Bed Bath & Beyond Inc. (NASDAQ:BBBY) shares surged almost 5% after the company announced a sale-leaseback agreement with Oak Street Real Estate Capital. The retailer will net around $250 million in proceeds from the transaction.

Bed Bath & Beyond sells 2.1 million square feet of space

The company said the property represents around 2.1 million sq. feet of space that include offices, retail stores, as well as a distribution facility. Bed Bath & Beyond will lease-back the space with Oak Street Real Estate Capital affiliate. The properties are in various states such as California, Texas, New Jersey, and New Hampshire, among others. Bed Bath &Beyond has an estimated 1,500 locations.

Mark Tritton, the new CEO of the struggling retailer, said that the transaction that involved the sale of its properties and leasing it back is a significant step in unlocking valuable capital. Tritton, who took the reins at the company in November, said that the amount they will get from the transaction would be put in enhancing the retailer’s plans.

The company indicated that it has been working with outside financial consultants in reviewing its real estate properties as well as determine the best uses. This is in a bid to optimize the company’s asset base and thus enhance stockholder value. Bed Bath & Beyond has indicated that proceeds from the transaction will go into reducing outstanding debt, funding share repurchases, and transforming core business.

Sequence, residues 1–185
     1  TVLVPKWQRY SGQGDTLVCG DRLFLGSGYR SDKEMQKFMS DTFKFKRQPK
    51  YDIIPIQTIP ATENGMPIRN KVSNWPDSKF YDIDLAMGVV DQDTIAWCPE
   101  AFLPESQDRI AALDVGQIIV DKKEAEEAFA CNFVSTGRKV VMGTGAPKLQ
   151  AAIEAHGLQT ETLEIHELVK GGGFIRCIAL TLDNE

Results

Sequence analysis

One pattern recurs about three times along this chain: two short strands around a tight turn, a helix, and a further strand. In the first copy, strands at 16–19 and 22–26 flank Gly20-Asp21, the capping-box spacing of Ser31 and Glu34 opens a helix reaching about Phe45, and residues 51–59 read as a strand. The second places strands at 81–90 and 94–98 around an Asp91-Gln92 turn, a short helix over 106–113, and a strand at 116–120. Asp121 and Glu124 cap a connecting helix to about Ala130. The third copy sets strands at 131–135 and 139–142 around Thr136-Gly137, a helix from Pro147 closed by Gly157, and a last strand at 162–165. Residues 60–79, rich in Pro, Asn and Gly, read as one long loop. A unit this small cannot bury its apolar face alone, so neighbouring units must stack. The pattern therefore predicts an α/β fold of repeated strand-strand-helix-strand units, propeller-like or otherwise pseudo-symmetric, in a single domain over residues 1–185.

Bed Bath & Beyond restructuring its leadership as part of the turnaround

The retailer has struggled in recent times against growing competition from online, big-box, and discount retailers. It’s new CEO, who joined from Target Corporation (NYSE: TGT), ousted six senior executives last month as part of management restructuring as he tries to turn things around.

Several companies have successfully pursued the selling and leasing back of real estate strategy. For instance, Macy’s Inc. (NYSE: M) and Sears Holdings Corp (OTCMKTS: SHLDQ) have successfully deployed the strategy in the past. However, this means the companies now be stuck with paying rent.